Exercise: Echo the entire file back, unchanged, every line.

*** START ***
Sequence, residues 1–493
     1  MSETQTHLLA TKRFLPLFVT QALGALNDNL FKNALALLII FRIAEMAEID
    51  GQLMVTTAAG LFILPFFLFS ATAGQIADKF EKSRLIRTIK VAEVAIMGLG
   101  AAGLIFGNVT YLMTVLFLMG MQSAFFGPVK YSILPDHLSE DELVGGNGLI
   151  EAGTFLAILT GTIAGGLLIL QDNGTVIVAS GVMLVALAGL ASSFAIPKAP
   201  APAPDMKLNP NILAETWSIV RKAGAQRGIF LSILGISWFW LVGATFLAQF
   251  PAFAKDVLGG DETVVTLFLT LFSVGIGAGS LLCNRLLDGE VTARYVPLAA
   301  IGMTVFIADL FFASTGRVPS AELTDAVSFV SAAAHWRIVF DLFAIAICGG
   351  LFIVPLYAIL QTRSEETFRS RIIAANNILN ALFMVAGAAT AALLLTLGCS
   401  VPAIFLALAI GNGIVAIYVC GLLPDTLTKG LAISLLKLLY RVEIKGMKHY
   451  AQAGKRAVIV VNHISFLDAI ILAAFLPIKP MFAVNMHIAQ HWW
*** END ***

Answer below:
Sequence, residues 1–493
     1  MSETQTHLLA TKRFLPLFVT QALGALNDNL FKNALALLII FRIAEMAEID
    51  GQLMVTTAAG LFILPFFLFS ATAGQIADKF EKSRLIRTIK VAEVAIMGLG
   101  AAGLIFGNVT YLMTVLFLMG MQSAFFGPVK YSILPDHLSE DELVGGNGLI
   151  EAGTFLAILT GTIAGGLLIL QDNGTVIVAS GVMLVALAGL ASSFAIPKAP
   201  APAPDMKLNP NILAETWSIV RKAGAQRGIF LSILGISWFW LVGATFLAQF
   251  PAFAKDVLGG DETVVTLFLT LFSVGIGAGS LLCNRLLDGE VTARYVPLAA
   301  IGMTVFIADL FFASTGRVPS AELTDAVSFV SAAAHWRIVF DLFAIAICGG
   351  LFIVPLYAIL QTRSEETFRS RIIAANNILN ALFMVAGAAT AALLLTLGCS
   401  VPAIFLALAI GNGIVAIYVC GLLPDTLTKG LAISLLKLLY RVEIKGMKHY
   451  AQAGKRAVIV VNHISFLDAI ILAAFLPIKP MFAVNMHIAQ HWW